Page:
We've known for some time—through unofficial sources—that some of Intel's next-generation Haswell processors will have dedicated graphics memory on the CPU package. What we didn't know was what kind of memory Intel would use, and who would supply it.
David Kanter of Real World Technologies found the answers to those questions: they lie in a list (PDF) of papers that are due to be unveiled at the VLSI Technology Symposium in June. One of the papers was authored by Intel staffers and is entitled, "A 22nm High Performance Embedded DRAM Technology Featuring Tri-gate Transistors and MIMCAP COB."
Translation: Haswell will use embedded DRAM (eDRAM). And rather than source the memory from a third-party supplier, Intel will build it in-house using its own 22-nm fabrication process.
Kanter apparently got his hands on the paper early, because his article includes an in-depth comparison of Intel's eDRAM and the eDRAM found inside IBM's POWER processors. My eyes glazed over a little at that point, but the main takeaway wasn't hard to grasp. Intel seems to have made some design choices that favor yields over performance and density—not entirely surprising, considering how much cheaper Haswell will be than IBM's high-end POWER CPUs. Still, Kanter expects Haswell's eDRAM to be very fast, essentially like a "bandwidth optimized L4 cache."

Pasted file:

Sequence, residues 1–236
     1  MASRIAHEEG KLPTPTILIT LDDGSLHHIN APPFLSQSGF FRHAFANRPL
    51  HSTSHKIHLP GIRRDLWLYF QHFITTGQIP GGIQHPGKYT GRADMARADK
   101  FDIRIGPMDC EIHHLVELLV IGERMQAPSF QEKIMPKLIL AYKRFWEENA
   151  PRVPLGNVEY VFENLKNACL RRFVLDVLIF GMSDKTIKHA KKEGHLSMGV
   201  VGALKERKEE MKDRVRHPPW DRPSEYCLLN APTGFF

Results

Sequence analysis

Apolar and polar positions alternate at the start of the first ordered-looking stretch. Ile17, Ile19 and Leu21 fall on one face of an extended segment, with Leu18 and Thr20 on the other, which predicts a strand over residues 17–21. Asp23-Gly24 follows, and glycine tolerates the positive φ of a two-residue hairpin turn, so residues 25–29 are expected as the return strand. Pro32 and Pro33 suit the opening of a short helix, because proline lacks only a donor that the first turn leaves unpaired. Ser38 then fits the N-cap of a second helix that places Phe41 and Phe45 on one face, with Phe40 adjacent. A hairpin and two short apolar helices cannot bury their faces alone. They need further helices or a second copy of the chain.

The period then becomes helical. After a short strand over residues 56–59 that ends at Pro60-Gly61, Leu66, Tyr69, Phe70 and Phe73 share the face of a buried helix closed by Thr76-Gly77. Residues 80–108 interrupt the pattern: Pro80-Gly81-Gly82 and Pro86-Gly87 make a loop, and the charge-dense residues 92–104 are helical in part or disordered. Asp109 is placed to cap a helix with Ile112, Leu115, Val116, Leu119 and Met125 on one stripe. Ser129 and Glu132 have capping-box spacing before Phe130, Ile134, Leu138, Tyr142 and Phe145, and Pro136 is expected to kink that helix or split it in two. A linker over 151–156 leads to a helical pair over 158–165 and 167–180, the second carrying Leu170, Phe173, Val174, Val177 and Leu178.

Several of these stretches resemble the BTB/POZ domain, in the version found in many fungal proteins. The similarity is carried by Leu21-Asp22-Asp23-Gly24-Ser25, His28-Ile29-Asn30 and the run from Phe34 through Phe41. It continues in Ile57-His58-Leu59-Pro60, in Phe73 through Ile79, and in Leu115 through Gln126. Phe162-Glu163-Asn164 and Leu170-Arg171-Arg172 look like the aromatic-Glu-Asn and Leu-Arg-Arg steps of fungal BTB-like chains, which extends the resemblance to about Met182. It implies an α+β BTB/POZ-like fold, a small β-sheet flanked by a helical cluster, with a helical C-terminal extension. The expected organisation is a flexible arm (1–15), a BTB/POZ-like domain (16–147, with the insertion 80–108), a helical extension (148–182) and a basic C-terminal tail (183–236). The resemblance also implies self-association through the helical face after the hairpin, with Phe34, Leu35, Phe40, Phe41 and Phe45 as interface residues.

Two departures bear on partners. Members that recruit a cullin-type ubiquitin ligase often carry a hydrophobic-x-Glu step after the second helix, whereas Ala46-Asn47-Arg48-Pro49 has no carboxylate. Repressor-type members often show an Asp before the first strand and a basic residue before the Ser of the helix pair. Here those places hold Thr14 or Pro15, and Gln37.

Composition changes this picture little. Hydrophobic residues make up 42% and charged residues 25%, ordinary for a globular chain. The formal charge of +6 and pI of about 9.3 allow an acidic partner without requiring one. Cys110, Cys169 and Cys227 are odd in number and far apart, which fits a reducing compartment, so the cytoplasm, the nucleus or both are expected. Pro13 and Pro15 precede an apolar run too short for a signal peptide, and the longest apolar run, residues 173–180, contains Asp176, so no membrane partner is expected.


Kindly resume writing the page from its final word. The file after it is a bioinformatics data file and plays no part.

The article also points out that Intel's (re-)entry into the memory business may pose an indirect threat to large DRAM makers like Samsung and Hynix. Intel probably won't jump into the commodity DRAM market, since the margins there are razor-thin. However, as Kanter points out, Haswell's eDRAM-equipped GT3 integrated graphics are supposed to be as fast as a discrete GeForce GT 650M—and the GT 650M often ships with a couple gigs of DDR3 RAM. Once Haswell comes out, memory makers may lose out on business from lower-end discrete GPUs like the GT 650M, since those won't be needed anymore.
Now, I should note that Kanter expects Haswell's eDRAM to weigh in at just 128MB. Today's games need a much larger frame buffer than that, so Haswell systems will likely still need plenty of system memory to pick up the slack.
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